A lopsided update of the famed 1960s Canterbury Sound.
Martin Aston 2010-08-10
Anyone who names their label Care in the Community is streets ahead of the comparatively mundane competition. And if said label owner then acts like they indeed do need care, that’s even better.
Things to Do and Make isn’t quite the soundtrack to the recent BBC3 comedy pilot This Is Jinsy, but has a similar air of unexpected jolly lunacy – in the tragically forgotten spirit of Viv Stanshall’s art-school layabouts The Bonzo Dog Doo-Dah Band (ask your art-school layabout dad). No wonder Bonzos freak John Peel namechecked Ergo in his autobiography.
Phizmiz has written for BBC radio and opera (The Mourning Show, about the death of a popular radio DJ through demonic infiltration of BBC phonelines, premiered in May) but this is his first album. He’s been labelled “a berserk electronic and plunderphonic whizzkid,” which makes sense when the album’s intro Busby Berkley – a banjo-fronted pop song masquerading as a 1930s tea dance – is followed by the scuffed Casio mash-up Fairy Chewbacca, which resembles a garden-shed-fi Blur B side.
Which in a manner of speaking leads back to Syd Barrett: the Edward Lear of psych-pop. Food and War and Mandrill aren’t far removed from Pink Floyd’s Bike, with an elliptical loveliness and child’s-dressing-up-box of silly noises, but the tunes are real earworms. The Dapper Transvestite – powered by typewriter rhythm, Russian steppes backing vox and the chant “socks are stripy” – has some of Robert Wyatt’s gorgeous weary charm, so put two and two together and you have a lopsided update of the famed 1960s Canterbury Sound.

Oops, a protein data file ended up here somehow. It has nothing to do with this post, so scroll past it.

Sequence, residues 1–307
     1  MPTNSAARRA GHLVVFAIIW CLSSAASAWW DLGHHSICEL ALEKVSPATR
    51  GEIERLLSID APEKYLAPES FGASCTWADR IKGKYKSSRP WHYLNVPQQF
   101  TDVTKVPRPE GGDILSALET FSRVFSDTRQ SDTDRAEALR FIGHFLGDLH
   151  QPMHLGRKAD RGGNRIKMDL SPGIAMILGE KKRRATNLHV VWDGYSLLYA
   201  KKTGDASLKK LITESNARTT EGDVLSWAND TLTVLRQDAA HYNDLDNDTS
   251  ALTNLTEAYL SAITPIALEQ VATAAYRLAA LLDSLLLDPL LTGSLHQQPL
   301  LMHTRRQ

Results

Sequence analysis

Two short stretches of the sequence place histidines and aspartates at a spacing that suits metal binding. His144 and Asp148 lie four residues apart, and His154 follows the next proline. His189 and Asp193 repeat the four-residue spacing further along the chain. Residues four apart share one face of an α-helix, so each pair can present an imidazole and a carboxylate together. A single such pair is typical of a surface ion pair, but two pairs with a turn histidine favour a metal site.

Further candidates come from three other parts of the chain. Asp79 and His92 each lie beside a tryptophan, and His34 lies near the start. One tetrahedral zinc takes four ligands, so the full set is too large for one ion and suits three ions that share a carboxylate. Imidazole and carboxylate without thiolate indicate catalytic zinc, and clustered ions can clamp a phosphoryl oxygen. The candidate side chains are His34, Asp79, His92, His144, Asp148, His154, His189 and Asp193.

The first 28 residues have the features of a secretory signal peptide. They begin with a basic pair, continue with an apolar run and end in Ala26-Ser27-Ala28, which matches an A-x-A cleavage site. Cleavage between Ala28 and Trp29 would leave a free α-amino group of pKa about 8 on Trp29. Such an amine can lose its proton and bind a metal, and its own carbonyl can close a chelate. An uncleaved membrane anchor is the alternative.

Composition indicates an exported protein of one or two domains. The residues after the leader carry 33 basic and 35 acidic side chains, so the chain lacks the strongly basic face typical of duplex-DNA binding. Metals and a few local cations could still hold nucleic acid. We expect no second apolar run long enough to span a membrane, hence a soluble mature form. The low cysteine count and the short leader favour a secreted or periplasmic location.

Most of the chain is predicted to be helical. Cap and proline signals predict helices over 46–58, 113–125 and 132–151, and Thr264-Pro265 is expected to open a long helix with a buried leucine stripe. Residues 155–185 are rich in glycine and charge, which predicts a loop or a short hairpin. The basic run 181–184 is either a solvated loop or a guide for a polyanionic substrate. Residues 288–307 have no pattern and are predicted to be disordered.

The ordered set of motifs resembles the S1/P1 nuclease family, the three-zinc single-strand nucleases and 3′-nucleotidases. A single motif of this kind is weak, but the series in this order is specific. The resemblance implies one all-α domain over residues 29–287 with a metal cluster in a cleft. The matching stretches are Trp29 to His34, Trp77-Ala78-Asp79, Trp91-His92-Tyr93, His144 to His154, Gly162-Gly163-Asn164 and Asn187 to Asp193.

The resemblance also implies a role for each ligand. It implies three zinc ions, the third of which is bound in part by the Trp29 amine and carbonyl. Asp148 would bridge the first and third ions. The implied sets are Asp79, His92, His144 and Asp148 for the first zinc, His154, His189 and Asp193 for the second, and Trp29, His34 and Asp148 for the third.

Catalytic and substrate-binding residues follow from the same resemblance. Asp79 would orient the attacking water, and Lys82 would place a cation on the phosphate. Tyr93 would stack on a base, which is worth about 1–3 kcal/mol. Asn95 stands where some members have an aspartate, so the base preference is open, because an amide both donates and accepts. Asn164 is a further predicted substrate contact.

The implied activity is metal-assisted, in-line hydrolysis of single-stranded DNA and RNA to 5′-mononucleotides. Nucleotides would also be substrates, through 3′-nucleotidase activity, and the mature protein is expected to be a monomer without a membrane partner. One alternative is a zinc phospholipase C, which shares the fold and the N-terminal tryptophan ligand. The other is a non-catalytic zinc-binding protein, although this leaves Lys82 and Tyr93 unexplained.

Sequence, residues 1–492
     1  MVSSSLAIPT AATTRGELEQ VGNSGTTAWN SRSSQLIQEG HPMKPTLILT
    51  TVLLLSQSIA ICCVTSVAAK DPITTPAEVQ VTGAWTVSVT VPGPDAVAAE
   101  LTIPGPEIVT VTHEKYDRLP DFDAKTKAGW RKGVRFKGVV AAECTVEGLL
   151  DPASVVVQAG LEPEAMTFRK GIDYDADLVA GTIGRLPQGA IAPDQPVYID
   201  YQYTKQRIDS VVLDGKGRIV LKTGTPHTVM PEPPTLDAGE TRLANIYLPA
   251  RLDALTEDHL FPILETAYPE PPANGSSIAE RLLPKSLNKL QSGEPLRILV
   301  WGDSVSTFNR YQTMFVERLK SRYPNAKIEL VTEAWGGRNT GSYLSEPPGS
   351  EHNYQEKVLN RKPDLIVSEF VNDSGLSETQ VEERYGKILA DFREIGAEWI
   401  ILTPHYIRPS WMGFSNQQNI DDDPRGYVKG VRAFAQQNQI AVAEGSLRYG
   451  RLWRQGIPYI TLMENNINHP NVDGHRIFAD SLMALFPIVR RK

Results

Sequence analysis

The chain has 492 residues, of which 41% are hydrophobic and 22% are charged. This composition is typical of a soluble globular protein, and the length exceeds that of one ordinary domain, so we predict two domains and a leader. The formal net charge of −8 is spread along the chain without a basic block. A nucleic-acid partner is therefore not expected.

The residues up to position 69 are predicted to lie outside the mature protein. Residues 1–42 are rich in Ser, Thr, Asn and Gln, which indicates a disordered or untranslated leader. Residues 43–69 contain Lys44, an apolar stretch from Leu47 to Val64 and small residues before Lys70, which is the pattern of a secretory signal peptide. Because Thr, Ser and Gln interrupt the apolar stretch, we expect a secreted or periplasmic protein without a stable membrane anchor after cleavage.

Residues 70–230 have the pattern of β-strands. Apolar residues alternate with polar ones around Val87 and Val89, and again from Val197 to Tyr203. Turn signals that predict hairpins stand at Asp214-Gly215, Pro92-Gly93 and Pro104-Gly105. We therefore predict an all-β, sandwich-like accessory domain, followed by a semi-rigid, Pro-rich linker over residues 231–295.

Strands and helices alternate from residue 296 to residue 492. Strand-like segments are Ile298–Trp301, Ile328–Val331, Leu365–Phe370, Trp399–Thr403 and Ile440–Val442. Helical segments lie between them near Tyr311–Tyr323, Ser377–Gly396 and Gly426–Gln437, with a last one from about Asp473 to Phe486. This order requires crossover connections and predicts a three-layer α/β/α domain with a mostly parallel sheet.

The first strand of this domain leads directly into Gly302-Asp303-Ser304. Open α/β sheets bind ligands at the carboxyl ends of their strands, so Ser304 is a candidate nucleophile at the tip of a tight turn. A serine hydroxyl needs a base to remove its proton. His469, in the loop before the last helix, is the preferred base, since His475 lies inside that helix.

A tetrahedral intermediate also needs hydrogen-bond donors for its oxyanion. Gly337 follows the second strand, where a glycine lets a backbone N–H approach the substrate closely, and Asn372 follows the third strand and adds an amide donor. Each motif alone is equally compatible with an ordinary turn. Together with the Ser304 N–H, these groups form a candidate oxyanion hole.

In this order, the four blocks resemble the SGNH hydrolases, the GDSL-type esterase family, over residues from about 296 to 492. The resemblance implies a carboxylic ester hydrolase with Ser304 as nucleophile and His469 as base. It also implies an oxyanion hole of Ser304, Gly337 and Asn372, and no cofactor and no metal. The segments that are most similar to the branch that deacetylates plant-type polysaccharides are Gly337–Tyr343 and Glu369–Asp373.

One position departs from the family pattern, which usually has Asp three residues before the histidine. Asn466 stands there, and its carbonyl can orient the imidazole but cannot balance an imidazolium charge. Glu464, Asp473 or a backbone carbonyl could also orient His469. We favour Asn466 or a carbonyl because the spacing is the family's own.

It’s not all rampant absurdity, though. Shanty is a shrug of a sad folk song and Parrot in the Pie belies its titles with more shapely melancholia. Current single, the loping and winding Lately, is similarly robust. In other words, Phizmiz is a bona-fide songwriter juggling absurdist humour rather than a comedy writer sketcher trying his hand at songs. Even if Phizmiz does overuse the duck quack. As Busby Berkley puts it: “Take off your brassiere and what d’you think about that?” Quite.